Sometimes one simply has to step outside the immediate “box” of one’s perspective to see the bigger picture of what’s really at stake.
In his seminal work, Civilisation, the great British historian Kenneth Clark details the vignette of a decaying ancient city perched high above a river valley for protection, one that had long outlived its earlier dynamism, and now was suddenly confronted with the immediate danger of a barbarian horde camped out in the valley below.
As the indolent citizenry pondered their impending fate with some trepidation, the barbarians ultimately decamped and moved-on.
Rather than being relieved, local scribes recorded a vast sense of jaded urban disappointment, that the excitement of being pillaged and plundered had not befallen them.
From this, Clark deduced a very important principle; that there is an elemental vitality that must be maintained if human organization is to flower with the creativity of civilization itself.
Concurrent with that vitality is a perspective of risk-taking, along with the creativity and innovation that flows from it.
In numerous civic backwaters all across America you’ll find the kind of thinking that Clark was warning about, a certain kind of fearfulness of the future, an acceptance of overall sclerotic decline, frequently characterized by a mentality of “No!”
In Idaho, we adopted a term from small-town growth expert Jack Schultz, “the c.a.v.e. people,” which in his many battles with this mentality he had coined, “citizens against virtually everything”.
It’s a killer mentality, and those who possess it will use all the legal and political instruments at their command to stop progress, because at its core, they are fearful of the future.
In many respects, Los Alamos singularly invented a large part of the 20th century; Heraclitus having told us, “war is the father of all things.”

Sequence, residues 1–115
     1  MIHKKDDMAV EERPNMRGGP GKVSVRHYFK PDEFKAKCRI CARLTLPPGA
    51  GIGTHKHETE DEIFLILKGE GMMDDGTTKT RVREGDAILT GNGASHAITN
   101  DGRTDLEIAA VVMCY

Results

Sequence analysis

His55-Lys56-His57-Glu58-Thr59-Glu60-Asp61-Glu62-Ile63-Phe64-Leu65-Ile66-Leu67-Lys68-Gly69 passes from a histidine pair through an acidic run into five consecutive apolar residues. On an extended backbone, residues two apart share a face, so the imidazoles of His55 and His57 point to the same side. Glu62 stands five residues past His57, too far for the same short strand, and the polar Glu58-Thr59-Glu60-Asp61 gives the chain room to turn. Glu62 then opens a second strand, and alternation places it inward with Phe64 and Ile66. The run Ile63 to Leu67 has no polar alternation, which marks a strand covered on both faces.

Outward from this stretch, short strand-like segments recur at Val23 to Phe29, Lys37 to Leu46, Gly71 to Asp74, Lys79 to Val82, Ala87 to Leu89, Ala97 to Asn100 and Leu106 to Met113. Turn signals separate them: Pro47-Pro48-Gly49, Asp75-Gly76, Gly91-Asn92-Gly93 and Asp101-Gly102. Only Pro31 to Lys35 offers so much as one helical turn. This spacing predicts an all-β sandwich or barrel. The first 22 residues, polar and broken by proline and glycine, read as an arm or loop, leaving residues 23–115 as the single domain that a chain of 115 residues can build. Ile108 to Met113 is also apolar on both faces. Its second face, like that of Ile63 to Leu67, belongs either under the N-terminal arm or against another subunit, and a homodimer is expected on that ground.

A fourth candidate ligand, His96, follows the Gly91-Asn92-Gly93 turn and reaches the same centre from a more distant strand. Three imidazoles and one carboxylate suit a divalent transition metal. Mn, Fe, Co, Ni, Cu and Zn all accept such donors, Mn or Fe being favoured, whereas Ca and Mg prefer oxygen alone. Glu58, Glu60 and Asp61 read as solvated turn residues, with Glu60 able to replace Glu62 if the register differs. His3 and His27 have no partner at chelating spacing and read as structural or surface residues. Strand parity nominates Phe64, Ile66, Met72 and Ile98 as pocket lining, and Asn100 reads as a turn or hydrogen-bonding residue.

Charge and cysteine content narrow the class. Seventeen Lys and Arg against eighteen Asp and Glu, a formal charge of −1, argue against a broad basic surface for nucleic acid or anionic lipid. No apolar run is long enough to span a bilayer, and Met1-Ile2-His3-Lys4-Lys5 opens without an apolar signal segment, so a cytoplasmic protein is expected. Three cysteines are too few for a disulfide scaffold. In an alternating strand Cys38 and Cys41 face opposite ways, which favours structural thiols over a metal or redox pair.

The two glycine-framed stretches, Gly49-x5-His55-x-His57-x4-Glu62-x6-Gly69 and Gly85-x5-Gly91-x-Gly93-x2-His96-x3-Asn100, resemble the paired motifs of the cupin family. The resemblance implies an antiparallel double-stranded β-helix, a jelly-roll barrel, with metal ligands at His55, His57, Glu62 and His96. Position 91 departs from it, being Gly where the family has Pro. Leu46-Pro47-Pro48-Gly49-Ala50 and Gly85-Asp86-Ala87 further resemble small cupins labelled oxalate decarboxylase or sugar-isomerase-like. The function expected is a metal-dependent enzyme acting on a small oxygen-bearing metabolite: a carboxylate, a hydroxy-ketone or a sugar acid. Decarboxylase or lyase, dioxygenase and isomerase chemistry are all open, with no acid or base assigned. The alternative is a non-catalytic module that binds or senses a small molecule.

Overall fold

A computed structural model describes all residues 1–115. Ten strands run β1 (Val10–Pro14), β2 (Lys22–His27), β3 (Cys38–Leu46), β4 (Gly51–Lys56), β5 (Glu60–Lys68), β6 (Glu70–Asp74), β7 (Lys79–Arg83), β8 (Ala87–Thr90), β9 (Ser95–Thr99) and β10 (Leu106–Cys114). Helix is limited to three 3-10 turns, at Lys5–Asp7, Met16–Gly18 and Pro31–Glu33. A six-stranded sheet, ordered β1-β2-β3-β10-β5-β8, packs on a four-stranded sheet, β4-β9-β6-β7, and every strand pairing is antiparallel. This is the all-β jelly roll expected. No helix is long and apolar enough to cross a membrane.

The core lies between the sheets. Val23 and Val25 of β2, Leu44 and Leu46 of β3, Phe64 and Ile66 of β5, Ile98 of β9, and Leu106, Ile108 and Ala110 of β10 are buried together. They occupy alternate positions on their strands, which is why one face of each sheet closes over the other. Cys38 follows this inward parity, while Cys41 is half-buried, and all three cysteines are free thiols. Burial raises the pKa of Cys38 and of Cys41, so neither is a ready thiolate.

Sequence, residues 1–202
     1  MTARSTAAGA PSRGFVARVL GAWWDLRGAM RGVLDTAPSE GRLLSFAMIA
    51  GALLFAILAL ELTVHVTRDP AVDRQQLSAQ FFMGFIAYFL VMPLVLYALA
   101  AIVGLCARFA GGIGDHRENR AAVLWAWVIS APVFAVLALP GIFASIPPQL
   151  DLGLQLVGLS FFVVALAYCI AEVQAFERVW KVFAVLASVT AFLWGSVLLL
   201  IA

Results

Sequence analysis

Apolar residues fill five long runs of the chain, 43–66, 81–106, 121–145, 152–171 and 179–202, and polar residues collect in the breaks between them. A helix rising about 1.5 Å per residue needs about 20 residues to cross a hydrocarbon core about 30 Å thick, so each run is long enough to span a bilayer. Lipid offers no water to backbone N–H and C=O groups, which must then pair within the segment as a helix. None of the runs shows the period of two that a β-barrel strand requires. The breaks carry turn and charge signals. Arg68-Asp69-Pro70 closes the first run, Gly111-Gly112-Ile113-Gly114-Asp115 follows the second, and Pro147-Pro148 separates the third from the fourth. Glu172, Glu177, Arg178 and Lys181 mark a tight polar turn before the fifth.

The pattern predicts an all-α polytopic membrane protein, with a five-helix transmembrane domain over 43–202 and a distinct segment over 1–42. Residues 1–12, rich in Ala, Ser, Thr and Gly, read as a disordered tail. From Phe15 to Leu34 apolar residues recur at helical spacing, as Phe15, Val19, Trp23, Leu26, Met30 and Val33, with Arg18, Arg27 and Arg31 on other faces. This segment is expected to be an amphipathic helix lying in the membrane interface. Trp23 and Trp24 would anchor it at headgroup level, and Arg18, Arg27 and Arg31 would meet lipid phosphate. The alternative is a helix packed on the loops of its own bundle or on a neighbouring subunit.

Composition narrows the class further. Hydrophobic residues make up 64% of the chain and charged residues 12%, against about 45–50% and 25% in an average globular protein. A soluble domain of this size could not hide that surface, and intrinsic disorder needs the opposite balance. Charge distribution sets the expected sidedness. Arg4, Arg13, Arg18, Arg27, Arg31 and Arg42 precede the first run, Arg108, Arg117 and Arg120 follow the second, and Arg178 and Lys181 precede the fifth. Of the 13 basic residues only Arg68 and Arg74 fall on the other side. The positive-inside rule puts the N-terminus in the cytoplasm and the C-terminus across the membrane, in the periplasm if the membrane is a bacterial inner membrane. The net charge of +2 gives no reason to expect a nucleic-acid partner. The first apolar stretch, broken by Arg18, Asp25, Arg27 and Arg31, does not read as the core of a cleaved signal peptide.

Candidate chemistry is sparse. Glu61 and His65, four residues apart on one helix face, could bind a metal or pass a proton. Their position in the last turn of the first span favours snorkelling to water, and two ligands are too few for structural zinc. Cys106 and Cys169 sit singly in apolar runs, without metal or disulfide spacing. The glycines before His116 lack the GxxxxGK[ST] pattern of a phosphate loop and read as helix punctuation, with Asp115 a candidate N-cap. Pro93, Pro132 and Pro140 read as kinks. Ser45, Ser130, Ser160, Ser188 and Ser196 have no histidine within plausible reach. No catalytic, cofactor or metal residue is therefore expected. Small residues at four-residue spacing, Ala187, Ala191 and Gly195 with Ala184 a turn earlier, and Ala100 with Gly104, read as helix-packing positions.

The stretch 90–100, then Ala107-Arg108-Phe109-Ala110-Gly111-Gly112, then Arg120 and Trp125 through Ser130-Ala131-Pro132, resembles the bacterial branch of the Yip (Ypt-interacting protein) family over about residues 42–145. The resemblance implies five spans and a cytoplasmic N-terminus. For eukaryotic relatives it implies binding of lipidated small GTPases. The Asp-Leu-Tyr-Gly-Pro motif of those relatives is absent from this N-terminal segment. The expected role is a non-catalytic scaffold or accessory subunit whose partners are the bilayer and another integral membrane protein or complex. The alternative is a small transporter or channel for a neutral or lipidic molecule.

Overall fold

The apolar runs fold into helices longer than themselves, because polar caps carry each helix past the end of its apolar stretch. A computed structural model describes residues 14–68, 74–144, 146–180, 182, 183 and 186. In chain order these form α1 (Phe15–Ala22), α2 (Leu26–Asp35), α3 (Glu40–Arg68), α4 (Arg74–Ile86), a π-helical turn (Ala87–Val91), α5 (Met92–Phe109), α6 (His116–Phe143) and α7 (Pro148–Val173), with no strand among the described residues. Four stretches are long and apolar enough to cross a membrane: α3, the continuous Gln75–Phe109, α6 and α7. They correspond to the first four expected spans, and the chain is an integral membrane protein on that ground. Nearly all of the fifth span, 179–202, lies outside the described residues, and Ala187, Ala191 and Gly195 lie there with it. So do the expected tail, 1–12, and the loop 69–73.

We all know the history; it is an easy look backwards, a safe look backwards, a look backwards with seeming clarity.
To many it is a regrettable look, one filled with trepidation. But we were not there, we were not in their shoes, and our judgment is spectacularly clouded.
Today we must look forward; as Dr. Charles McMillan reminds us, our laboratory possesses one of the most unique brands on Planet Earth.
Great labor and effort has passed over the decades that buttresses its many good works; works that are literally on the cutting edge of everything. But the townsite still suffers, and in today’s competitive climate for younger talent and brainpower, that could make all the difference in attracting the future. We must strive for that quality Warren Buffett terms, “the durable competitive advantage.”
Let me be blunt: a town council forever cowered by the constant implied threat of legal actions, many of which have been taken in the past to our great detriment, delay, and expense, is not in Los Alamos’ best urban and laboratory interest.
It’s that simple; don’t let the “cave people” torpedo the future, pass the charter amendments.
Sellers is a venture coach and vice-president of the Los Alamos Entrepreneurs Network. He can be reached at firstname.lastname@example.org